This force-sensing linear potentiometer (FSLP) from Interlink Electronics is a passive component with resistances that depend on the magnitude and location of the force applied at some point along the 1.4″ (3.6 cm) active length of the strip, making it easy to add novel touch interfaces or tactile sensors to your project. An external resistor (typically 4.7 kΩ to 10 kΩ) is required but not included.
This force-sensing linear potentiometer (FSLP) from Interlink Electronics is a passive component with internal resistances that independently change in response to the location and magnitude of an applied force. This allows a microcontroller with an analog-to-digital converter (ADC), such as an Arduino or A-Star, to easily determine where and how hard the strip is being pressed, enabling advanced touch-control user interfaces (like menu navigation) or sophisticated tactile sensors. The FSLP is effectively a force-sensing resistor (FSR) that can also simultaneously sense position. The video above shows a sample project with the similar 4″ FSLP strip being used to control an LED strip: position determines the number of lit LEDs and pressure determines the LED color. This shorter 1.4″ FSLP strip could easily be substituted for the one in the video. The Arduino code used in the example is available on github, and it has functions for reading pressure and position that could be helpful in getting started using this sensor. More information about the demo is available in our FSLP blog post.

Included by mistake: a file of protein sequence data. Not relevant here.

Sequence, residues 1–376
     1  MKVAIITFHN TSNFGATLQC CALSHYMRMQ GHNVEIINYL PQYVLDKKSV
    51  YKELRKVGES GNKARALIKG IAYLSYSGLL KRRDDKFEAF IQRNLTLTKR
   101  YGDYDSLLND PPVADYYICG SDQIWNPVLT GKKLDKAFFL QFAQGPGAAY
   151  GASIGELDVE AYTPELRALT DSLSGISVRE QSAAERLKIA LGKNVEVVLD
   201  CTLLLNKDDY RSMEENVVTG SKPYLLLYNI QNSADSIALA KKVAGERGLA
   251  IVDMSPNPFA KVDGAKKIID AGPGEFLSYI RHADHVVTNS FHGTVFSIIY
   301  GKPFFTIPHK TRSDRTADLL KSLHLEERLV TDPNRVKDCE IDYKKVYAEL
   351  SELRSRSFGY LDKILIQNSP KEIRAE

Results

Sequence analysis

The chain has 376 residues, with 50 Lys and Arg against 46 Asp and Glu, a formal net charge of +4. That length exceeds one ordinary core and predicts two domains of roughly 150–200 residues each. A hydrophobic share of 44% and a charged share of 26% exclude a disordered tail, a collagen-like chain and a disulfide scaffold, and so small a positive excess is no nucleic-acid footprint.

The 1.5″ × 0.53″ strip is light (0.5 g) and extremely thin (0.025″), with an active sensing area of 1.4″ × 0.39″ and a flexible 0.55″ × 0.2″ sensor tail for accessing its three terminals (the fourth terminal is not used). It does not appreciably compress when pressure is applied, and while it is flexible, it is intended to be used on smooth, flat surfaces since bending can adversely affect its performance. The FSLP has a masked adhesive backing for easy mounting.
Note: The sensor’s tail does not include a connector, and soldering directly to the exposed copper pads is probably not practical for most applications given its relatively fine 1 mm pitch. We do not carry any connectors that work with this sensor, but JST makes a line of compatible 1.0 mm pitch FCC (flat flexible) connectors (188k pdf). Section 4.4 of the FSLP integration guide (513k pdf) describes the sensor tail in detail.
Note that this FSLP is not a load cell or strain gauge, and it is not suitable for precision force or pressure measurements. While it can be used for high-resolution dynamic measurements, only qualitative force readings are generally attainable.
Using the sensor
The FSLP is a three-terminal device (the fourth terminal of the sensor tail is not used), and when pressure is applied, its internal circuit is equivalent to three resistors. Reading the magnitude of the pressure requires an external resistor be added to the circuit, so a total of four microcontroller lines are required, two of which must be capable of reading analog voltages. Detailed information about this FSLP, including theory of operation, dimensions, and measurement procedures, is available in the FSLP integration guide (513k pdf). The rest of this section briefly summarizes some of the key points of the measurement procedures listed in the integration guide.